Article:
Epithelial mesenchymal interactions, the ECM and limb development


Professor Peter Lonai, Department of Molecular Genetics, The Weizmann Institute of Science, Rehovot, 76100 Israel


It has been long since recognized that cellular interactions are not always direct, i.e. they do not always take place between cells contacting each other, or between cells that emit soluble factors and other cells, which respond to it. In contrast, cross-talk between cells is frequently based on signals attached to the extracellular matrix (ECM). Thus besides proximate cell-to-cell contact, certain interactions are mediated by the ECM in a sequence: cell-to-matrix, matrix-to-cell. ECM-mediated interactions may take place within a group or sheet of cells or across adjacent cell sheets. A modified mat-like ECM, the basement membrane, separates adjacent cell sheets and mediates their interactions. Since cell sheets separated by basement membranes are an elementary feature of metazoan histology, interactions with the basement membrane have considerable importance. Recently accumulated evidence emphasizes the importance of ECM-mediated interactions. It is becoming increasingly evident that the ECM functions not only as an architectural component, but it is involved also in signal transduction. This evidence derives from four main sources: from the structure of receptor-ligand complexes, from Drosophila and C. elegans genetics, from cell biological observations and from the analysis of mammalian development. In this review, I will touch upon recent evidence, illustrated by examples of FGF signalling in vertebrate limb development. Although the involvement of matrix components is not yet proven for all cases directly, the strength of multiple indications suggests that a better understanding of ECM-mediated interactions will shed new light on cell differentiation.

Signalling molecules and the ECM

FGF signalling is involved in multiple stages of embryonic development, including vertebrate limb development (for reviews see Yamaguchi & Rossant, 1995; Martin, 1998; Naski & Ornitz, 1998). An important common property of FGF and FGFR is the affinity to heparan sulphate proteoglycans (HSPGs) and their high affinity for the glycosaminoglycan heparin (Burgess & Maciag, 1989). Heparin was recognized to be required for efficient signal transduction by FGFs. Cells deficient in HSPG will respond to FGF only after the addition of heparin (Yayon et al. 1991). Heparan sulphates are long polymers of repeating disaccharides, which can create a multiplicity of variants on a par with amino acids (Turnbull et al. 2001). Recent evidence demonstrates that FGF isotypes differ in their affinity to heparan sulphates in solution (Powell et al. 2002), as well as in tissues (Chang et al. 2000), suggesting that they contribute to the specificity of receptor–ligand interactions.

The molecular relationship between heparan sulphates, FGF and FGFR has been determined by crystallography. FGF-FGFR and heparin form a ternary complex containing two FGF molecules interacting with two receptor monomers. The four protein chains form a grove, which binds heparin chains (Schlessinger et al. 2000) and this binding is a prerequisite for receptor activation. Structural relationships suggest that different FGF:FGFR complexes accommodate different proteoglycans.

The affinity of FGFs to heparin was discovered more than 10 years ago. Since then heparin binding by additional growth factors, such as members of the hedgehog family, EGF, PDGF and TGFβ variants, has also been recognized. Specific heparan sulphates are synthesized from sulphated sugars by complex enzymatic reactions. A number of these enzymes were investigated by mutant analysis in Drosophila. The Sugarless and Sulphateless genes encode enzymes required for the biosynthesis of heparan sulphate glycosaminoglycans. Sugarless and Sulphateless mutant embryos have phenotypes similar to those lacking the functions of two Drosophila fibroblast growth factor receptors, Heartless and Breathless (Lin et al. 1999). The Drosophila gene Sulphateless, which encodes a homologue of a vertebrate heparan sulphate sulphotransferase, is essential for Wg (Wnt in vertebrates) signalling (Lin & Perrimon, 1999), whereas tout velu, encoding another enzyme of heparan sulphate biosynthesis, is required for the movement of modified hedgehog derivatives on the cell membrane. Interestingly, tout velu does not influence FGF and Wnt signalling, demonstrating a high level of specificity in the regulation of extracellular signals by ECM-bound heparan sulphates (The et al. 1999). This biochemical and molecular evidence demonstrates the direct involvement of ECM components in morphogenic signalling.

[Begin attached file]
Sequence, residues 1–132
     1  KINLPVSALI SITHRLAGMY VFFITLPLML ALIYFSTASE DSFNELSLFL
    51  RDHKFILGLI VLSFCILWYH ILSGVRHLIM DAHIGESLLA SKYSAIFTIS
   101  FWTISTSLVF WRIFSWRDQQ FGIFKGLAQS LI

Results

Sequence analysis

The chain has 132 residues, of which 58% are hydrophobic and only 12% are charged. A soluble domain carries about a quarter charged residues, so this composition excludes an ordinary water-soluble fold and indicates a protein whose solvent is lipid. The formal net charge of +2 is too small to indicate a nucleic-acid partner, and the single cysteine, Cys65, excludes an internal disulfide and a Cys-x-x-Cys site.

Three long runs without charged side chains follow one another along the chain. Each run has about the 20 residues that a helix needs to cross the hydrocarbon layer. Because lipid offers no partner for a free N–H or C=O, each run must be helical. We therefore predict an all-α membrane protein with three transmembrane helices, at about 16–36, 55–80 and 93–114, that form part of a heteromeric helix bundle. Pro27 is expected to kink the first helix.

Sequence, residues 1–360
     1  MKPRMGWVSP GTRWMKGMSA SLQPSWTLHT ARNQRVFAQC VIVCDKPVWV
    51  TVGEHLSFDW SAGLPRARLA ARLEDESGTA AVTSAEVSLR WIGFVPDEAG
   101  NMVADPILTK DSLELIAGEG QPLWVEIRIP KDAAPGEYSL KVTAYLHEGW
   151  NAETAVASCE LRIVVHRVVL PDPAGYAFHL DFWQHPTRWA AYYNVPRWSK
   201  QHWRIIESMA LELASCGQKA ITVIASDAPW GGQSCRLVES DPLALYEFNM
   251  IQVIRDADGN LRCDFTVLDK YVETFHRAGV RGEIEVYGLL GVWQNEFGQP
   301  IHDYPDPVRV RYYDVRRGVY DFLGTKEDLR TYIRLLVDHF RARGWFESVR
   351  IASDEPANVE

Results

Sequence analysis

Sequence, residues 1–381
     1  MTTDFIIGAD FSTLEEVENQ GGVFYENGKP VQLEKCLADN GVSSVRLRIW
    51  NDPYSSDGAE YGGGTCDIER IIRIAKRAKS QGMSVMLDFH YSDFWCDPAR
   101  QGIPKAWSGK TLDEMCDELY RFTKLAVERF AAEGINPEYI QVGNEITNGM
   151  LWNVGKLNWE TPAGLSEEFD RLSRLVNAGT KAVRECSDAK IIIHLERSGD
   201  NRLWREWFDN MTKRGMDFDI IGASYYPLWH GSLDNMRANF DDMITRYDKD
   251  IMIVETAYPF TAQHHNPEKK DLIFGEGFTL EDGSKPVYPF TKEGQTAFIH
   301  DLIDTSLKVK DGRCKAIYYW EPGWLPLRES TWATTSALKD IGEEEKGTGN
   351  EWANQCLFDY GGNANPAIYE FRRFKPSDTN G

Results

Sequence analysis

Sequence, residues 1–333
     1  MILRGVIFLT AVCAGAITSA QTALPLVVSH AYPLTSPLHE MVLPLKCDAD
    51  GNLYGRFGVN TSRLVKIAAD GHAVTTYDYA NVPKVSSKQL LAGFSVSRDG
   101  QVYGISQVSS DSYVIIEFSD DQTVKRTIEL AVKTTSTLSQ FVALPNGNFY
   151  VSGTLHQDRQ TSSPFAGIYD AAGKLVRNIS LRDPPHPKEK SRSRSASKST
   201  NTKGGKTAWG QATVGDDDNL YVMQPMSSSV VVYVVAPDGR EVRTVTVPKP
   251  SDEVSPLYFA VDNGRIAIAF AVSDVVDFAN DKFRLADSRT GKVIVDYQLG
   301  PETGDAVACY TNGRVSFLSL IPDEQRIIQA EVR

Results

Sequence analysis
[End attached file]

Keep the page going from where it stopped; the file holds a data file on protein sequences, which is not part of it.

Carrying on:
Basement membranes and signalling across cell sheets

A large body of cell biological research suggests connections between the ECM-bound heparan sulphates and various signalling molecules. Classical studies on the mechanism of epithelial mesenchymal interactions have suggested that the ECM separating the interacting cell sheets are important for salivary gland (Kallman & Grobstein, 1966) and lung (Wessels, 1970) organogenesis. Involvement of ECM components in epithelial differentiation has been shown by antibody inhibition in organ culture. Antibodies to laminin, one of the matrix-forming proteins of the basement membrane, inhibit epithelial morphogenesis in kidney (Klein et al. 1988) and lung (Schuger et al. 1995) development. The importance of laminin receptors, such as dystroglycan (Durbeej et al. 1995; Williamson et al. 1997) and integrin β1 (Fassler & Mayer, 1995), supports this notion. Requirement for the early expressed laminin-1 isoform at the primitive streak stage has been demonstrated by targeted disruption of Lamc1, the gene encoding laminin γ1 (Smyth et al. 1999).